DeathWise.org – DIY End of Life Planning

May 11, 2012
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For most of us, talking about death doesn’t come easily. Yet, it’s something we all experience — the loss of those we know and love, and ultimately, our own death– quote from DeathWise.org

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For most of us, talking about death doesn’t come easily. Yet, it’s something we all experience — the loss of those we know and love, and ultimately, our own death– quote from DeathWise.org

In this wonderful age of digital empowerment, we can now take charge of many things that we used to have to depend on others to do for us.  Examples include booking vacations and managing our investment portfolios. Now, there is a website, DeathWise, that can help you manage your death–well, not exactly your death, rather the planning for your death.  This can mean the difference between an orderly exit or one that leaves your family and friends combing through your papers and guessing your wishes.

Gladys Mohr, my maternal grandma

In my family, no one ever talked about death, let alone planned for it. One example was the death of my maternal grandmother who, at the age of 78, died in her bed in the apartment she had rented for almost 40 years. Neither her daughters, their spouses, nor the rest of her extended family had any idea about the details of her life despite the fact that we all lived within 30 miles of her house and saw her frequently. We were pretty surprised to find out that all of “her” furniture actually belonged to the landlord. And, that her frugal habits included saving every rubber band that ever made it into her hands – all rolled up into a gigantic rubber band ball. We didn’t know where her papers were, what type of service she would like or even if she preferred cremation or burial. We muddled through, spending days in her apartment opening cupboards, poking around in drawers, and rifling through papers, bankbooks (remember them?), and check

A rubber band ball (Ethan Hein, Flickr)

stubs. We hoped we did what she would have wanted, but we weren’t really sure.

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Planning for Death, There’s a Website for That

Launched in 2010, DeathWise is an organization with the mission of “changing the conversation about death and dying.” Their goal is to “help you become DeathWise—wiser about death, wiser about how to prepare for it, and wiser about how to dealt with it when a friend or family member dies.” They say that once you have prepared for death, “you may feel a new sense of freedom, and resolve to live every day of your life to the fullest.” I spent some time exploring the DeathWise website and learned some interesting and important things: • Did you know that your family may need to have you declared legally incompetent in order to take care of your financial affairs if you do not have a financial power of attorney? • You should not put your original will, trust instruments, or a powers of attorney in your safe deposit box because, in some states, your safe deposit box will be sealed after your death, preventing immediate access to these important documents. • You can set up a Joint Tenants with Right of Survivorship (JTWROS) on your checking account so that your co-signer can pay bills on time, even before your estate is settled. DeathWise provides information that can help you decide what happens to your body after your die. You may envision a nice plot with grass and flowers in your home town cemetery, but did you know that,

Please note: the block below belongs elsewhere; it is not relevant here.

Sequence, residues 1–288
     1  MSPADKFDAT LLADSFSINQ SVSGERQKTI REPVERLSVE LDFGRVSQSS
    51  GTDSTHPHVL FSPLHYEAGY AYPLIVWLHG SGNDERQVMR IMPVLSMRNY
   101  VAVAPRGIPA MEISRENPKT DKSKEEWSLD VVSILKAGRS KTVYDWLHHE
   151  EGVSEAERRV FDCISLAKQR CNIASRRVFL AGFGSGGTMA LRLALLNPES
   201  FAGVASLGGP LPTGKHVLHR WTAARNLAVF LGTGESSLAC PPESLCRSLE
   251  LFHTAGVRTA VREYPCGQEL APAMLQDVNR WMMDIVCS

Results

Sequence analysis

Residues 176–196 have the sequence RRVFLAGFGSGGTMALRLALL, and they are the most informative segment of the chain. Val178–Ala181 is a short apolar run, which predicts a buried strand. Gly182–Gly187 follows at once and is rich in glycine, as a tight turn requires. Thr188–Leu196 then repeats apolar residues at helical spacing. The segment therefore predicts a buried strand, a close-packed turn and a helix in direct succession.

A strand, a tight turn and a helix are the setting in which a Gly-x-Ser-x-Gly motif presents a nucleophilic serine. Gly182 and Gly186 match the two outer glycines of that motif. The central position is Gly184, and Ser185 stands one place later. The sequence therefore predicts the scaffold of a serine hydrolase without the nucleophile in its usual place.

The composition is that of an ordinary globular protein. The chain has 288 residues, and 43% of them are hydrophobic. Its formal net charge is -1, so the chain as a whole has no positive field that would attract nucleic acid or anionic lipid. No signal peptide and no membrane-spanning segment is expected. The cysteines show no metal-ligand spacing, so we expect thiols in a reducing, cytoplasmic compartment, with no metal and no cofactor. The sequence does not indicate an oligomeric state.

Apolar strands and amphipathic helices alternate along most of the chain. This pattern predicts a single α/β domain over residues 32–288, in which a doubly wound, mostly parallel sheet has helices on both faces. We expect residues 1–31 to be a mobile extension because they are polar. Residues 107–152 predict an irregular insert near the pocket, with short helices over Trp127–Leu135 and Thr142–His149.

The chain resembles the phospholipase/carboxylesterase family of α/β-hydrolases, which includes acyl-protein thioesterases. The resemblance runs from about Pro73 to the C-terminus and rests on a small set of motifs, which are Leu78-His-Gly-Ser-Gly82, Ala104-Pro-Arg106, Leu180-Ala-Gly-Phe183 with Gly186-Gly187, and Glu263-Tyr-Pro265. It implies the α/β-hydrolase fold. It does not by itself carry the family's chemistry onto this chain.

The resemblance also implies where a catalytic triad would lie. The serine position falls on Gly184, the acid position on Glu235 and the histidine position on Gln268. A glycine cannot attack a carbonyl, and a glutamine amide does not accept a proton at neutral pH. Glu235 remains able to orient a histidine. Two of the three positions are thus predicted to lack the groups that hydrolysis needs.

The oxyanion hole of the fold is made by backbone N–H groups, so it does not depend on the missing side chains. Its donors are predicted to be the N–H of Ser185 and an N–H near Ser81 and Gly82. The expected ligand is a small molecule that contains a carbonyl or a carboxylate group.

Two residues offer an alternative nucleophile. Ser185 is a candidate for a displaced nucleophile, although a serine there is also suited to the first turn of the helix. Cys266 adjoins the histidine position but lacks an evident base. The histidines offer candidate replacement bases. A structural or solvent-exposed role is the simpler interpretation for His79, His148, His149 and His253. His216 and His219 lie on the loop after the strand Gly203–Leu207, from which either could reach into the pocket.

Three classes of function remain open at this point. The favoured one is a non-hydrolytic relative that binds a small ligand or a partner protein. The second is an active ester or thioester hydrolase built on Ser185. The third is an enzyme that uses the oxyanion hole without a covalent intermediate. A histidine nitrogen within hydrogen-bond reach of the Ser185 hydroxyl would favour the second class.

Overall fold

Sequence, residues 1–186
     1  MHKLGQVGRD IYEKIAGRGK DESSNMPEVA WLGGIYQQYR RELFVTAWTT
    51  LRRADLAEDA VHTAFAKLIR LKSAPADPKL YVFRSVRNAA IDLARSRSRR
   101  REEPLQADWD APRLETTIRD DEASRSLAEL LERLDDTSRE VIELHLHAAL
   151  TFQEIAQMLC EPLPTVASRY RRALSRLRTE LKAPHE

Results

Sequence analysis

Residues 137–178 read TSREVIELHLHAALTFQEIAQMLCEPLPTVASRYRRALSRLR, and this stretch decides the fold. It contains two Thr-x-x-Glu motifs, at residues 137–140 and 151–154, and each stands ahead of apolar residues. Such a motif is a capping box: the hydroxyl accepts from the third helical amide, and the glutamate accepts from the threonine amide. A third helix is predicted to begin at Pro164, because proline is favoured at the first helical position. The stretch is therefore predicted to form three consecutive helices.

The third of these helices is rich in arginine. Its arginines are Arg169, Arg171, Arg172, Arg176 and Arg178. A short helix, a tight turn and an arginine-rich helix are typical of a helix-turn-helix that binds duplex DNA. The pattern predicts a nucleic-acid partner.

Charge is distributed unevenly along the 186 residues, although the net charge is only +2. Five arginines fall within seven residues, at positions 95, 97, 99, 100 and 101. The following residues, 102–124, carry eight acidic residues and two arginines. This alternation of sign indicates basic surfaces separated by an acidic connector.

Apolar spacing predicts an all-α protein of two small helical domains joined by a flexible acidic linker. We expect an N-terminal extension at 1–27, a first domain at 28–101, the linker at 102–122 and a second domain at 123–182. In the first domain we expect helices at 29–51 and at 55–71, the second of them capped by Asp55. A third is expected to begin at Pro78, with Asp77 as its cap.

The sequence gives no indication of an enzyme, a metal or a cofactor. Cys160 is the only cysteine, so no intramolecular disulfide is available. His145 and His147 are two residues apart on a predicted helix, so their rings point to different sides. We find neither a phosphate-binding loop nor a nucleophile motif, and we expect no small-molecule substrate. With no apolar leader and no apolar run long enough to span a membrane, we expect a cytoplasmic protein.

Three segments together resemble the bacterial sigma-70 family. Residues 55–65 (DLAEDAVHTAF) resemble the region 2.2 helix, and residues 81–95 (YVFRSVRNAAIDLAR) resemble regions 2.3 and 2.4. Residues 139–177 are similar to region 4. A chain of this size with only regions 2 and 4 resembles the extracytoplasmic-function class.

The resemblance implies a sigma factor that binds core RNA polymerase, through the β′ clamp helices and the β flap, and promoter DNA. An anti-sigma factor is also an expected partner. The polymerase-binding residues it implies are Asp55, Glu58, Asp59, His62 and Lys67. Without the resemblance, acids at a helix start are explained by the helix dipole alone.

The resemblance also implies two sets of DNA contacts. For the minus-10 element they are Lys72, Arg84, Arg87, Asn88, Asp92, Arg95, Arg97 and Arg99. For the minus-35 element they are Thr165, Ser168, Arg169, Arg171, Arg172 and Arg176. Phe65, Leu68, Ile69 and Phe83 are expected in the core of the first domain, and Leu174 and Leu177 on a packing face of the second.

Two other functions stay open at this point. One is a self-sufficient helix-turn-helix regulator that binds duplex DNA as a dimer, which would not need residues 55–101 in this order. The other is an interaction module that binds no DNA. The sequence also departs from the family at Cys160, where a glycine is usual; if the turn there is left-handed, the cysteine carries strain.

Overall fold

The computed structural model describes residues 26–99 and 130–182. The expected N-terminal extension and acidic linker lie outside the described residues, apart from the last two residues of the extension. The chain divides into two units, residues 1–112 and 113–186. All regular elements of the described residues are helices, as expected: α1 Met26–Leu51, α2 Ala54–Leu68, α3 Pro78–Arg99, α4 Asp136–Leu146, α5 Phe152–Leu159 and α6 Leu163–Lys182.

“…many cemeteries require that you purchase a grave liner or grave vault to keep the ground from caving in if the casket or burial container collapses.”

I learned on the site that in addition to burial, cremation, and whole body donation, there are some more modern ways to dispose of the remains. Resomation involves dissolving the body into its chemical components and ash by placing it in a mixture of water and potassium hydroxide heated to a high temperature at a high pressure. In promession, the body is submerged in liquid nitrogen and then pulverized, reducing the remains to a fine powder.

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The site helps you plan your own funeral or memorial service and write your own obituary. (Personally, I am planning on treating my family and friends to a two hour slide show of all of my vacations over the last 30 years and the photo with my obit will show me as thin, blonde, and beautiful – even if I have to do a bit of Photoshopping to get the effect I want.)

Anne Bonaparte, Founder& CEO, Deathwise

There is information about advanced directives with links to the documents appropriate for your state, organ donation, organ requirements, and hospice. There is also an online magazine with poems, book reviews, art, music and more. And there are blogs, including The Last Taboo blog written by DeathWise Founder and CEO Anne Bonaparte.

The site is well organized asking on the Home Page if you need help now (someone has died?, someone is dying?) or if you want to plan ahead (make your decisions?, help a friend plan ahead?). There is a “Quick Answer” tool that lets you check off topics that you would like to learn about quickly and a “Map Tool” that is a giant End of Life organizer. I went through the tool and realized I have a ton of stuff to do to get my house in order. Hmm…resomation or promession…not sure yet.

I applaud the DeathWise people for making End-of-Life Planning a bit easier for all of us by placing the information and tools we need in one place.

I do want to take charge of my exit from this earth and I think that this site can help me do it.

BTW, a nice thank you to Kate O’Malley, from the California Healthcare Foundation, who presented at my ABL Leadership group on “How We Die in California” and turned me onto DeathWise.

photo:O.V.D./shutterstock